(Italy/France, 90 min.)
Dir. Federica Di Giacomo
Programme: World Showcase (Canadian Premiere)
Although I’m a horror movie fan, I’ve ignored most of the relentless lurch of zombie shows because nothing can compare George Romero’s six-part “Dead” series, and as for exorcism epics, William Friedkin’s award-winning movie pretty much nailed that genre to the cross.
Federica Di Giacomo’s Libera Nos is different because it’s a documentary with the power of reality behind it. For some critics and observers, but not necessarily for the director, the demons in the film are the priests, especially Franciscan Father Cataldo Migliazzo. The megastar of Italian exorcists, the Sicilian cleric can barely handle the onslaught of poor souls who desperately want to banish the Satanic entities they believe are possessing them.
To deal with the huge numbers, the good father performs group purgings during exorcism-designated masses. With a cool absence of editorialising, Di Giacomo shows Cataldo in action. He tells the congregation approximately how many possessed souls are among them, advising them to say Hail Marys once disturbances start. The instant he launches into his prayers, the reviled demons (supposedly not their human hosts) scream and shout obscenities. Curiously, they all sound like the devil that possessed poor little Linda Blair.
During more hands-on encounters, the supplicants, some of whose faces we don’t see, twitch, shake, convulse and scream. You wonder whether Father Cataldo is triggering seizures in people who might have neurological problems. The film expands on some of the stories: a punky, coke-addled young guy spits, slams into walls, and begs his girlfriend not to abandon him. One woman crawls around on the floor as the priests comment that she’s like a nasty black cat. A blonde woman, one of the characters the doc highlights, suffers from symptoms modern medicine can’t pinpoint and questions whether or she has been invaded by evil.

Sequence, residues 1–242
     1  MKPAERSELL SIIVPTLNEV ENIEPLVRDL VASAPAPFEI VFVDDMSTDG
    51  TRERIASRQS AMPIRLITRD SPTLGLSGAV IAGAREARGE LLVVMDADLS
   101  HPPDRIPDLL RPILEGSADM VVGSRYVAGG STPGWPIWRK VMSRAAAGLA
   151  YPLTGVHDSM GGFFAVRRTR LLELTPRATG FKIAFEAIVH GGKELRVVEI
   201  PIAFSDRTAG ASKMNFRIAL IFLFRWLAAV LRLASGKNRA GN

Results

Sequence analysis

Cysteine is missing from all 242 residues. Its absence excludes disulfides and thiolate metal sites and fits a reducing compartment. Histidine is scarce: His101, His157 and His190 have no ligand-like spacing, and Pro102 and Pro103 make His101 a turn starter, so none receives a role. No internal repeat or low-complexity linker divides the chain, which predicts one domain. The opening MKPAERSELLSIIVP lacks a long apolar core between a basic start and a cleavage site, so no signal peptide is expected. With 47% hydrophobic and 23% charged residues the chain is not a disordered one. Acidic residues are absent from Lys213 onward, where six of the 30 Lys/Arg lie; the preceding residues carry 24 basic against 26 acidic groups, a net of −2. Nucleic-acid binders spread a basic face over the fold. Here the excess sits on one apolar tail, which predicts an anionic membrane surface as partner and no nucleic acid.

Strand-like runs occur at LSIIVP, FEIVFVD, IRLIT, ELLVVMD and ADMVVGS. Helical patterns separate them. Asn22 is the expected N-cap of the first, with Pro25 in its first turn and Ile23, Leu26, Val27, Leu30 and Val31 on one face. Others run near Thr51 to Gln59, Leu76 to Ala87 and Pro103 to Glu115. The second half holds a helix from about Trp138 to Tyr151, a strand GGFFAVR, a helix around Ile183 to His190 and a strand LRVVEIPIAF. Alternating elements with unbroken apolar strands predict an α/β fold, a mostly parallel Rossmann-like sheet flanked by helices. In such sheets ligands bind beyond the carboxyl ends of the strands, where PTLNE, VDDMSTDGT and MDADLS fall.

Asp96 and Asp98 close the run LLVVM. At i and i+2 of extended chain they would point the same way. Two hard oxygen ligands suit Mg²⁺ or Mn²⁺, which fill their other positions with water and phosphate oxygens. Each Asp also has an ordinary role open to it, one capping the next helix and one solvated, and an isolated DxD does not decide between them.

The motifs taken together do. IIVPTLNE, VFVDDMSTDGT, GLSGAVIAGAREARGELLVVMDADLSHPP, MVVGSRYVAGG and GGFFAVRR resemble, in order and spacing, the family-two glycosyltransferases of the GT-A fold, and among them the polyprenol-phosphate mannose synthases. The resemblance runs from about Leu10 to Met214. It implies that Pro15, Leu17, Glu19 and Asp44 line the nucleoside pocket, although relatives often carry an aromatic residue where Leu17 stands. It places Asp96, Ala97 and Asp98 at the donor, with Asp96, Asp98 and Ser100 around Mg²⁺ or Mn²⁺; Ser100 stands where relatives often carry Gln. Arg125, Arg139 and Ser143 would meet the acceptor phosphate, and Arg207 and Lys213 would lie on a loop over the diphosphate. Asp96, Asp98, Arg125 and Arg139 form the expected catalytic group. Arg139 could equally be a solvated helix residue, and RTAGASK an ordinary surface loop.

Some scenes verge on absurdity. Cataldo exorcizes a demon by talking to it on the phone. Priests make house calls to eliminate the wickedness in stuffed animals. One guy is convinced there’s an imp devoted to messing up people’s sexuality. A worker claims that a client who is not paying him might be possessed.
As you watch the doc, you draw your own conclusions. Perhaps some of the seekers “self-spell,” says a priest, because they crave the attention. The process can be used to denounce people who aren’t doing their homework, failing to attend mass, and so on. Possession can also be an excuse for bad behaviour. Yes, I betrayed you, but the devil made me do it.
Di Giacomo keeps the focus on the film’s characters, their body language and laments. It’s all done in a straightforward style: no horror movie shadows or weird angles. She does, however, include a couple of spooky images. As parishioners enter a Palermo church, a gigantic, fog-blurred setting sun looks apocalyptic. Whether or not the demons are real, vast numbers of people, not just in Sicily but everywhere in the world, believe in their existence. The film ends with a church-sponsored international exorcism conference in Rome that makes that point clear.
Although at time redundant and in need of tightening, Libera Nos effectively points toward a world in moral crisis. Who is that guy in the White House, by the way?
The film makes me think of four of Leonard Cohen’s most exquisite lines:
Let your mercy spill
On all these burning hearts in hell
If it be your will
To make us well
Libera Nos screens:
-Sunday, May 7 at TIFF Bell Lightbox at 9:30 PM